The Rise and Fall of The Clash is just that; the rise and fall of the British punk outfit that for a half-decade in the late 1970s became by its own prophecy, ‘the only band that mattered,’ only to have it all disintegrate into a disowned final album and a caricature of itself. The Clash’s time at the top was brief, long enough for a legacy cemented, but unfortunately the quartet’s position of influence and success could not be sustained. Driven by the internal squabbles of its members over drug abuse- in guitarist Mick Jones’ case a hypocritical charge of too much pot from leader Joe Strummer, and the sad heroin spiral of drummer Nicky ‘Topper’ Headon- as well as the actions of manager Bernard Rhodes, cast here if not in fact certainly on film, as the central villain of the saga.

The problem with the continuous stream of anecdotes and accusations aimed at fingering Rhodes for much of what went wrong is not in whether or not these are true, but rather the lack of response from Rhodes, himself. The film spends a large amount of its energy with various participants in the band’s inner circle detailing Rhodes’ failings, yet has only a short patch of rough audio serving as a defense for the man. Additionally the one, maybe two fleeting, grainy images of a seated Rhodes at work are used whenever he’s referenced, to exhaustion. It’s likely that Rhodes declined an opportunity to represent himself, and left director Danny Garcia with little choice but to recycle. That lack of material, given the number of times Rhodes is spoken of, leads to a palpable, if not justified, redundancy with regard to his role in the group’s expiration.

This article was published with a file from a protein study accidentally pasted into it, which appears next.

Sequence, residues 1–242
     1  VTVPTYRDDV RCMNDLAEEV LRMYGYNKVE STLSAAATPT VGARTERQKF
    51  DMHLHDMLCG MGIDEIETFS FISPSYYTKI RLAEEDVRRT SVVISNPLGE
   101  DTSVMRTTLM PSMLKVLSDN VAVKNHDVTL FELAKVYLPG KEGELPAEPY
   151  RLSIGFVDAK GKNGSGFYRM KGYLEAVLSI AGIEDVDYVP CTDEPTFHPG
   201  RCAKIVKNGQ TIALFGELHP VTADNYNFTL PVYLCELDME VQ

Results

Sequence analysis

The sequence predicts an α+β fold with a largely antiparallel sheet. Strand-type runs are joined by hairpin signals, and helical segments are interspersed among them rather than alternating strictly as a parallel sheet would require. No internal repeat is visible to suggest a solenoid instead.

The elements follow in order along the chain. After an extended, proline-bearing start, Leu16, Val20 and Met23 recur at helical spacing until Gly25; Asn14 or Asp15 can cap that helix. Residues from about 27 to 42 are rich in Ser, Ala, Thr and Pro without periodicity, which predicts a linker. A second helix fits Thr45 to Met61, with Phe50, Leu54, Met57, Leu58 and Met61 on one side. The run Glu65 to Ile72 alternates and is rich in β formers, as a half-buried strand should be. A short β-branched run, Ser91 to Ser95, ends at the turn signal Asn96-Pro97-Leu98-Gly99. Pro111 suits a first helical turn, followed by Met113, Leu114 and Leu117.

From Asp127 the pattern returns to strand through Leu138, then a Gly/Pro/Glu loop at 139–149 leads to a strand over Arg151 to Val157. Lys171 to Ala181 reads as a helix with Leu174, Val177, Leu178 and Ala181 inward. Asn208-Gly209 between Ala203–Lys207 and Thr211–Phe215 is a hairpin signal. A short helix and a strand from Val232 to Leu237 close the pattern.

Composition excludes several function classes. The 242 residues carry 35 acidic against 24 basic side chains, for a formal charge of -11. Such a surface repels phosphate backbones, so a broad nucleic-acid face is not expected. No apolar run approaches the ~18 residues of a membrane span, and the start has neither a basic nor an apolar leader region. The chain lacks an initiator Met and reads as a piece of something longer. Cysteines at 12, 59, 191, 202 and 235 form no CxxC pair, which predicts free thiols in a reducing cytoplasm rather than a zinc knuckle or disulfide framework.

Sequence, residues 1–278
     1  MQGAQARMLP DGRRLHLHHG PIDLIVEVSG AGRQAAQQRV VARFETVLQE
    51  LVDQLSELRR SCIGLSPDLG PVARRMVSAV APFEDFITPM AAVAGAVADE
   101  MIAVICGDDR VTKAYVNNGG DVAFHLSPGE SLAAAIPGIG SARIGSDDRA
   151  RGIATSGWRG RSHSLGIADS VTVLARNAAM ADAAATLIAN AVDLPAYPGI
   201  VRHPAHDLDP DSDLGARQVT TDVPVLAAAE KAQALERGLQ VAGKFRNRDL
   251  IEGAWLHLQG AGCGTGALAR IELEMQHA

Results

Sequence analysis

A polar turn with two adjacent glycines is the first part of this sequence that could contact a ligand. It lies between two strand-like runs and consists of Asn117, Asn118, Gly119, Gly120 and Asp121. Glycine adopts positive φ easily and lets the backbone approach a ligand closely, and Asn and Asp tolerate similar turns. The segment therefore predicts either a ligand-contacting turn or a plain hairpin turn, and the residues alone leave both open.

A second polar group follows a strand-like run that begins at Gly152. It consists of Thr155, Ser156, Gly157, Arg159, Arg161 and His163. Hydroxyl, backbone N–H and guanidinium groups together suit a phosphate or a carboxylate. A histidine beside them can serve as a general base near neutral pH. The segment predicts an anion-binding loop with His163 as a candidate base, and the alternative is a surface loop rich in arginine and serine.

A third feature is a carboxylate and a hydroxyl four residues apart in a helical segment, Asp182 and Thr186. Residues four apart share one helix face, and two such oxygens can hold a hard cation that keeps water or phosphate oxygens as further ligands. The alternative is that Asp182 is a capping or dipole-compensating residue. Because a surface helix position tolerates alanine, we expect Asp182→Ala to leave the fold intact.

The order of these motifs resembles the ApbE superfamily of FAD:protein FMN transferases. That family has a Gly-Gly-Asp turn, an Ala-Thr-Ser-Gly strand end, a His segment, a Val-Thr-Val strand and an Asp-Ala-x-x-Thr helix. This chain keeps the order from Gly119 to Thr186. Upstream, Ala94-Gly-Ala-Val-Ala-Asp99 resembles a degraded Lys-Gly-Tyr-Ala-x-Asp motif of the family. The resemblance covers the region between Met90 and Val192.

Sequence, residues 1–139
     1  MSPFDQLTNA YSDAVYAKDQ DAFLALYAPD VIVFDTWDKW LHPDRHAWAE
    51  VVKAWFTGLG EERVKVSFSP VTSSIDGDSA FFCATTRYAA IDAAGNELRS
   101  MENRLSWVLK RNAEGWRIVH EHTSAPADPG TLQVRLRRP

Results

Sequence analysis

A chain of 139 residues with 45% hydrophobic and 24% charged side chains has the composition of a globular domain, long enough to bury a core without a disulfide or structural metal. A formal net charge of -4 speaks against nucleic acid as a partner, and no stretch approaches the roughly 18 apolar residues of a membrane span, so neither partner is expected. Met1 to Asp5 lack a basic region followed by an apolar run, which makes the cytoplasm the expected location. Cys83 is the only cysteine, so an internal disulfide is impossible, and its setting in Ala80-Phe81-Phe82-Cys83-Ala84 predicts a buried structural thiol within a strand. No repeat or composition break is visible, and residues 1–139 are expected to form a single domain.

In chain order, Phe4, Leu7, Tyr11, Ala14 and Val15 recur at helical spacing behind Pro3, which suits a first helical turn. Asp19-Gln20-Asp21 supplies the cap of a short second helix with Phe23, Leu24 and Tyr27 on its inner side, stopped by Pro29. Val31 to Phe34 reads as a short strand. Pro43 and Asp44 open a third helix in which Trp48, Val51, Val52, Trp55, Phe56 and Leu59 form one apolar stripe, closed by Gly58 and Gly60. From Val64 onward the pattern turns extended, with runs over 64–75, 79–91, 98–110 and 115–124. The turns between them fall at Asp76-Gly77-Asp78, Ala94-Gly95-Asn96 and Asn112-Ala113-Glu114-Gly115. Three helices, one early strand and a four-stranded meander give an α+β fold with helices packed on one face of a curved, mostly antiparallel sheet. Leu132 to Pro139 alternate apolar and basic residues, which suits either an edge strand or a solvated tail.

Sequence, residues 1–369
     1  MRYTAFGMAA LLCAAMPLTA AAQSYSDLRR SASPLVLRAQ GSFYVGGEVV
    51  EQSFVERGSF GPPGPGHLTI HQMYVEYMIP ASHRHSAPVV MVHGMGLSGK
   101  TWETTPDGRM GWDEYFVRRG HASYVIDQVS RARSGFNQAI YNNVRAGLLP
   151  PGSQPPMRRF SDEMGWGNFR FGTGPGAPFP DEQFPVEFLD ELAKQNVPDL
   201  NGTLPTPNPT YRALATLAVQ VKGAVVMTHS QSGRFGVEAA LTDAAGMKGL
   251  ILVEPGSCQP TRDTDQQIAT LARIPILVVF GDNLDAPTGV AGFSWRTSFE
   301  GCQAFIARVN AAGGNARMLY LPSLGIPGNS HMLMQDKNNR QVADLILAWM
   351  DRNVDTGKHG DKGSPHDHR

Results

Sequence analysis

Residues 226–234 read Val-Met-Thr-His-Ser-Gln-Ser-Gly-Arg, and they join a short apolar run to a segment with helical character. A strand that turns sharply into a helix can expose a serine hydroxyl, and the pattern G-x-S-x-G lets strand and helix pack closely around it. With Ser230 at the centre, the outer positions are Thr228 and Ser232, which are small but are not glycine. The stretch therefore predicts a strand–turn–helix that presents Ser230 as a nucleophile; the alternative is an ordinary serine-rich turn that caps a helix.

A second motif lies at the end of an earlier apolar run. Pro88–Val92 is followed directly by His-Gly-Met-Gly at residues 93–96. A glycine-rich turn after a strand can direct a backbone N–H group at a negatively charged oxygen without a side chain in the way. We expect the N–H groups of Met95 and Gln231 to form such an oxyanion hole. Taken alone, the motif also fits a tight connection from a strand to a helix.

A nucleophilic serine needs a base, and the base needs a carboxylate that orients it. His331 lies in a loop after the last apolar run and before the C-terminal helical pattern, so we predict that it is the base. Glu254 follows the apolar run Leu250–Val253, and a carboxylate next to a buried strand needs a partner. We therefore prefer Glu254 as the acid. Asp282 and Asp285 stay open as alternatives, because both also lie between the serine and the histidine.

Less so the portrayal of Jones, whose present-day interview appearances and apparent emotional reconciliation with that period of his life deliver much-needed humor and perspective into the proceedings. It isn’t whether or not he’s comfortable with the how and why of his dismissal from the group, but rather that he’s accepted it and the fate of his career in the aftermath, and he’s still smiling. More unfortunate is the absence of Strummer to provide counterpoint, whose unexpected death in 2002 sealed away any reunion hopes that were floating about just prior to his passing, and would’ve at least been available to refute or enhance the accounts.

In what are maybe the most revealing and poignant interviews, post-Jones members Vince White and Pete Howard offer vulnerable insight. White’s tearful, raw nerve recollections of his stint in the final phase are checked by Howard’s quiet repose, but both are adept at stripping away the façade of being in The Clash for what it really was- a bitter, dying band pushed by commercial expectations and without Jones and Headon, the men they replaced on guitar and drums respectively, half of what made the band the only one that mattered in the first place.

Here the fall of The Clash was more of the story than the rise. The film does its best to corroborate its claims, expand its details, update its characters, and entertain and educate its audience while it chronicles the demise. There are times when it feels a bit like an extended episode of Behind the Music and follows a pattern all-too-familiar of that of a successful rock group. Egos, drugs, creative differences, and of course, money inhabit the list of causes, with the effect being another band’s headstone. Yet, The Rise and Fall of The Clash ultimately seems to want to identify the who more than the how and why, intent on exposing the people that built a band born of socialist undercurrents to a colossal commercial level, only to have those same people tear it apart.